“Let those who have been accustomed unjustly to wage private warfare against the faithful now go against the infidels and end with victory this war which should have been begun long ago.”
In late spring and early summer of 1096, thousands of Jews were massacred, driven to suicide, or forced to convert to Christianity along the Rhine in France and Germany by Count Emicho and his army. In response to loss of 25% of the Jewish population, some 40,000 Crusaders of mostly unskilled fighters (including women and children) gathered for what we refer to as the People’s Crusade. The monk Peter the Hermit of Amiens became the spiritual leader of this movement.
Peter the Hermit, armed with a divine letter, boasted that Christ had personally appointed him to lead this Crusade.
Count Emicho was a count in the Rhineland. Emicho believed Christ had promised to crown him emperor, and would guide him in the conversion of Jews as he led what he called the Pogroms of 1096.
Peter the Hermit gathered his army at Cologne on April 12, 1096, with the plan of gathering more crusaders. The French, however, were not willing to wait for more Germans. Under the leadership of Walter Sans-Avoir, several thousand French Jews left before Peter, passing through Hungary without incident arriving at Belgrade on the river Sava. The Belgrade commander refused entry, forcing Sans-Avoir and his crusaders to pillage the countryside seeking food. This resulted in sixteen of the French crusaders stealing from a market in Zemun across the Sava river. The French men were thwarted and stripped of their armor and clothing, which the Hungarians hung from the village walls. Sans-Avoir, in an effort to avoid more skirmishes, moved his crusaders to Nis, where they were welcomed and provided food and water.
Peter the Hermit left Cologne with his men on April 20. When his German crusaders reached the Danube, part of his army decided to travel by boat down the Danube, while Peter and the main body of crusaders continued overland and entered Hungary at Sopron. Peter led his army through Hungary without incident and rejoined his Daube contigent at Zemun on the Bysantine frontier.
Peter became suspicious when he discovered sixteen suits of armor hanging from the walls at Zemun. Disputes soon arose between the crusaders and local merchants, which led to a riot. The assault that followed ended with 4,000 Hungarians dead. Peter fled with his army across the river to Belgrade. Fighting broke out between the crusaders and Belgrade troops. Peter lost control of his men as the locals fled and his army pillaged and burned Belgrade. The next morning Peter gathered his men and proceeded to march them for seven straight day, until they arrived at Nis on July 3rd. The commander at Nis negotiated to escort Peter and his crusaders to Constantinople for food and supplies if they would leave right away. Peter agreed and set out the next morning. Tired and hungry from the week long march, his men got into another dispute with some locals along the road and set fire to a mill. This escalated out of Peter’s contol and they now faced the entire garrison from Nis. By the time Peter finally regrouped at Bela Palanka, he had lost 10,000 men. Peter moved his remaining force to Sofia, arriving July 12th. Here they met up with their Bysantine escort, which brought them safely the rest of the way to Constantinople by August 1st.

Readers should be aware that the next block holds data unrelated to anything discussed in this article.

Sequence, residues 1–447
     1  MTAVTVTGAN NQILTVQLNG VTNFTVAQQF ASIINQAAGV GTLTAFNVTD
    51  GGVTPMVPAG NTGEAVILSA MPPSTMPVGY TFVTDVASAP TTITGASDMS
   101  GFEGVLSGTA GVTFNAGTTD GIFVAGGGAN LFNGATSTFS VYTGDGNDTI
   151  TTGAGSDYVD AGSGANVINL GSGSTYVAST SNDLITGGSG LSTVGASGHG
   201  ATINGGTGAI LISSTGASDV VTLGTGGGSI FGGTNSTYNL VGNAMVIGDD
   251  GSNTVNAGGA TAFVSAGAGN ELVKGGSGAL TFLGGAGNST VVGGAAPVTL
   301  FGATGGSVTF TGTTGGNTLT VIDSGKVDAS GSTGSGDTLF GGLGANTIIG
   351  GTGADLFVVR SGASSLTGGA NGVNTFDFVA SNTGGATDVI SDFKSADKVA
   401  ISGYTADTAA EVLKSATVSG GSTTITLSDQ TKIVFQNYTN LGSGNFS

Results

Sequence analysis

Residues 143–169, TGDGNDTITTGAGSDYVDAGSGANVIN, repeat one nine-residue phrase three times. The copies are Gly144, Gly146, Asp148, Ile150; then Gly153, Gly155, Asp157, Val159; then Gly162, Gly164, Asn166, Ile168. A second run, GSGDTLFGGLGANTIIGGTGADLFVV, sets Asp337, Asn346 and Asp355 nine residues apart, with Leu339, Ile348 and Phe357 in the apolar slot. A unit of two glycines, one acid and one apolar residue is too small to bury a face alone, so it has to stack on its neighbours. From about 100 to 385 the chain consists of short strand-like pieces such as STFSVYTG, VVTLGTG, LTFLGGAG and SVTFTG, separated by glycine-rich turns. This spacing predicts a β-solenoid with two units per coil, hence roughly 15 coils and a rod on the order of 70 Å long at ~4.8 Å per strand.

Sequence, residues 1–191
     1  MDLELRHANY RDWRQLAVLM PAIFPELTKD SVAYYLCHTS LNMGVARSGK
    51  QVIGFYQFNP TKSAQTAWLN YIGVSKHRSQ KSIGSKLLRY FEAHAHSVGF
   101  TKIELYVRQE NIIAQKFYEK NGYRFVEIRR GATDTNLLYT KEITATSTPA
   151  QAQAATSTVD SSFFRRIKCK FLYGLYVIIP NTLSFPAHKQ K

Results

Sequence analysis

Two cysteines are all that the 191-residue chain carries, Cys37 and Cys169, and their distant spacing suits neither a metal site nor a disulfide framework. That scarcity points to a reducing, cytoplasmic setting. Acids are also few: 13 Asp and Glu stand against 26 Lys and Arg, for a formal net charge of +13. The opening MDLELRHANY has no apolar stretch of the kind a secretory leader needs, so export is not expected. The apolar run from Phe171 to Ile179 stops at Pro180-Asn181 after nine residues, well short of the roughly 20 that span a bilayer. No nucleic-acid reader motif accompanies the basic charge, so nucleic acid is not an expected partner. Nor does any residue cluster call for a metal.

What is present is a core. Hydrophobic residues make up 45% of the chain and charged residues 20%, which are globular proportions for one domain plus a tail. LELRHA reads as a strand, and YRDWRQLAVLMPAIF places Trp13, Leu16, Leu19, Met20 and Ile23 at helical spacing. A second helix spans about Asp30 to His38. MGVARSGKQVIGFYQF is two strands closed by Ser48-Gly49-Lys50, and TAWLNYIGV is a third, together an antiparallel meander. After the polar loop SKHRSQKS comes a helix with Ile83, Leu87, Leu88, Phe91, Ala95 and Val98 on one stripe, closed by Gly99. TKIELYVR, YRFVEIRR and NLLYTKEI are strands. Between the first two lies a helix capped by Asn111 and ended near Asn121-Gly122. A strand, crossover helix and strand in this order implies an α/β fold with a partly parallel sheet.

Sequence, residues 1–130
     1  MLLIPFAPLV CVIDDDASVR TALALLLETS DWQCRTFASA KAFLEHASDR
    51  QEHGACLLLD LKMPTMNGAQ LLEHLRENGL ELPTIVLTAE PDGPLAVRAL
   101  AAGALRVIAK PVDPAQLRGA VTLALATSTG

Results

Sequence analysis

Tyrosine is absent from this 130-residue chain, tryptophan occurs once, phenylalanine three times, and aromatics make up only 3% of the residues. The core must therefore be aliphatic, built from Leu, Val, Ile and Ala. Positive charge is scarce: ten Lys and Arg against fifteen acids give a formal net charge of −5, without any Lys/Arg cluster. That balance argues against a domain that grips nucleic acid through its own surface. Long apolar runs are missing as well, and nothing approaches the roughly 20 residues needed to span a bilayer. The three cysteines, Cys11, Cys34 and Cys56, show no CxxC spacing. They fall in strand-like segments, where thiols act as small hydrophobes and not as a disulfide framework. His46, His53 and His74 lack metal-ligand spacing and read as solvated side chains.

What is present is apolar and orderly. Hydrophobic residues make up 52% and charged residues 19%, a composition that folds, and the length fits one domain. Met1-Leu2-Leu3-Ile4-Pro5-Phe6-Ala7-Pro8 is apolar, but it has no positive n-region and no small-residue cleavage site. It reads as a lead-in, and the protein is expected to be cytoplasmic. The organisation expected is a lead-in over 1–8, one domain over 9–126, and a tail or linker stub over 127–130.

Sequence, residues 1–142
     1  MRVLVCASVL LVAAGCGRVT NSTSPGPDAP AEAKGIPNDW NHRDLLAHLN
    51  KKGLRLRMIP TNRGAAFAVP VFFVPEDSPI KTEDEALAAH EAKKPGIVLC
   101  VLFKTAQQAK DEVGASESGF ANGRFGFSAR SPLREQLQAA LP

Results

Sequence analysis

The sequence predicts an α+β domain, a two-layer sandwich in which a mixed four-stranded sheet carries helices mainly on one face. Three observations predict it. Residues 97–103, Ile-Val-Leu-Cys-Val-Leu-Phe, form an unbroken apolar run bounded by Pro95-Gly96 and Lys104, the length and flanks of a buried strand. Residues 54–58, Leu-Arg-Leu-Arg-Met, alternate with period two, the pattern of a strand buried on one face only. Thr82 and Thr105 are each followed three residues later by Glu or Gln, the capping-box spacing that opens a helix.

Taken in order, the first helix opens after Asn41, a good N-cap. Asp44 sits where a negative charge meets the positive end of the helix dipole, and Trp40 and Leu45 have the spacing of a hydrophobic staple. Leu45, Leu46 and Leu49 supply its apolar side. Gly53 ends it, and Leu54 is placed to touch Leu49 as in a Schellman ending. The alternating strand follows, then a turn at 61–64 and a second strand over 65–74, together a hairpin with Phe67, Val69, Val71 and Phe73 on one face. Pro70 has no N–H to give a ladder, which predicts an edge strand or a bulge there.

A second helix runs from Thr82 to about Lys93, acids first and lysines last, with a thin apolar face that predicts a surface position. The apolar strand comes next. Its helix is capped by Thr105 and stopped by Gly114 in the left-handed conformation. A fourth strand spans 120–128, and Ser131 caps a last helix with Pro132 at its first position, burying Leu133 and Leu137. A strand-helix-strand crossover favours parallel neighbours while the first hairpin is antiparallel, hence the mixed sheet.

Peter and the German crusaders rejoined the French under Walter Sans-Avoir as well as a few bands of Italian crusaders. They all soon departed for Asia Minor, pillaging towns along the way. It has been reported that the Byzantine Emperor Alexius I Comnenus warned Peter not to engage the Turks, whom he believed to be superior to Peter’s motley crew. By the time the army reached Nicomedia, the Germans and Italians were fighting with the French. Peter and Walter Sans-Avoir had effectively lost control of the crusade. The Germans and Italians now were following an Italian named Rainald, and the French were following Geoffrey Burel.
The French marched on to Nicaea, a Turkish stronghold where they pillaged the suburbs. The German and Italians marched to Xerigordon and captured the city to use as a base. In response, the Turks, led by Kilij Arslan, rescued Xerigordon, forcing the German and Italians to flee. Some of the crusaders had been captured and converted to Islam or sent to Khorasan as slaves. The remaining German and Italian army, starved and without water were forced to drink the blood of their donkeys and their own urine to survive.
Rumors began to spread among the German and Italian survivors that Nicaea had been taken by the French which caused excitement to share in the looting, food and water. Peter the Hermit had gone back to Constantinople to arrange for supplies and was due back soon. Geoffrey Burel convinced the men that it was cowardly to wait, that they should go to Nicaea leaving the women and children, the sick and the old behind. His will prevailed over the unstable leadership and on the morning of October 21, 1096, Burel led 20,000 men toward Nicaea. Of course the Turks were waiting on the road and three miles from camp, where the road narrowed into a wooded valley near the village of Dracon. The Turkish army, led by Kilij Arslan attacked beginning what history refers to as the Battle of Civetot. Most of the German and Italian crusaders were slaughtered.
Somehow Geoffrey Burel along with 3,000 men were able to flee and took refuge in an abandoned castle, the only survivors of the People’s Crusade.